Although we Virginians love our autumn foliage—those vibrant reds, oranges and yellows!—we are all left to wonder, year after year: Just how are we going to deal with all of those leaves once they descend and cover our lawns and flowerbeds?
Although a potentially daunting task, managing fallen leaves is important because the leaf cover can act like a giant Ziploc bag on our yards, depleting the landscape of oxygen. Prompt removal of leaves is essential to the health of your yard, and there are several ways to approach this task. Why not consider something new this season?
The age-old option is to rake your leaves, but there are particular techniques that will make the task easier. Using the correct type of rake is key, so make sure you are using a leaf rake with a broad head and flexible tips. Traditional garden rakes (the kind with shorter, firm, metal tines) can cause unnecessary damage to grass and other vegetation. Timing is everything when raking leaves—you want to start when the majority of the foliage has fallen to avoid unnecessary raking, without letting them sit for too long and damaging your lawn. A good rule of thumb is to rake three times in the season (think Halloween, Thanksgiving and Christmas). Use a plastic tarp or sheet to make moving the leaves less of a chore.
Before gathering the leaves, decide where they will go after you collect them—bags, compost pile, curb—which may be determined by your city or county regulations. Once you begin, rake into several small piles instead of one large pile so that you do not have to move the leaves farther than is necessary (unless, of course, you are trying to create the ultimate leaf-jumping pile for the children). When raking, pick a central point to rake toward, and be sure to use the entire rake (not just the tips) to move the leaves. These steps will increase efficiency and reduce your chances for injury. You should keep the rake at an angle that is more perpendicular to the ground (anywhere from 65 to 85 degrees), and generate the majority of the power from your legs. Be sure to listen to your body while raking, and treat yourself to a hot cider break every once in awhile. Also, be aware of critters like insects and snakes that may have taken up residence in the soft cover of leaves. It’s a good idea to wear long pants and gloves while raking.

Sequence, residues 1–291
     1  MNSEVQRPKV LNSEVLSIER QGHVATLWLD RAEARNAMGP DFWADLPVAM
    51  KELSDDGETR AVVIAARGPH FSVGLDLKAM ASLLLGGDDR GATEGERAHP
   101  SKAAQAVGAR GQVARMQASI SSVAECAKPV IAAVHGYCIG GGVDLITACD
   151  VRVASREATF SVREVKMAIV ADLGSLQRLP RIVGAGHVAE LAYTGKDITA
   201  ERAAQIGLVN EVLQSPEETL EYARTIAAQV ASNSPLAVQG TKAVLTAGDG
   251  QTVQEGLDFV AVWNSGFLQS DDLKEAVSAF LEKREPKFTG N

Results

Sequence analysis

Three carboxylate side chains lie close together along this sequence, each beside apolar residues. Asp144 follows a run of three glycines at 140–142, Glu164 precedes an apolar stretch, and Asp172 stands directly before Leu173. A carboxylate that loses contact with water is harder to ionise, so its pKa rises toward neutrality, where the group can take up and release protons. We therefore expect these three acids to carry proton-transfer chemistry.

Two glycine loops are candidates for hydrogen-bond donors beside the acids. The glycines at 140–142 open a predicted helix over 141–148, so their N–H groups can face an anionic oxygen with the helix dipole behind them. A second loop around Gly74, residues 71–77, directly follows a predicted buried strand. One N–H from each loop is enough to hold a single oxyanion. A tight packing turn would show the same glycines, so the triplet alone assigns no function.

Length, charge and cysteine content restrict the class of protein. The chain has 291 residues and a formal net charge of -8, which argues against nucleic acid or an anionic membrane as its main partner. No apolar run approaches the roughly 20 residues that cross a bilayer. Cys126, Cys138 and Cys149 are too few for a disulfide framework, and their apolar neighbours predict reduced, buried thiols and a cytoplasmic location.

Another great solution for leaves is mulching, which involves shredding them with a lawnmower. A mulching attachment can be purchased to properly mince the foliage, or you can take a few sweeps with the lawnmower placed on the highest setting.
Once the leaves are properly chopped and collected, they can be used as a healthy, protective winter mulch. Simply place a two- to three-inch layer around plants, but keep the mulch from touching stems and trunks to discourage pests. This fresh mulch can slowly decompose and release healthy nutrients into the ground, which will result in healthier plants, more wholesome soil and happier microorganisms (including worms, which aerate the dirt).
Mulch-mowing is perhaps the easiest solution for tackling fallen leaves, and your grass may thank you for it! Simply mow over the leaves with a lawnmower (once a week, as during a normal mowing season) until the foliage has finished descending. Use the highest setting on the mower (or a mulching attachment), and allow the mulch-mowed leaves to settle on the lawn. Your grass will be furnished with nutrients from the decomposing leaves all winter long, which will result in a lush lawn with fewer weeds the following spring and summer.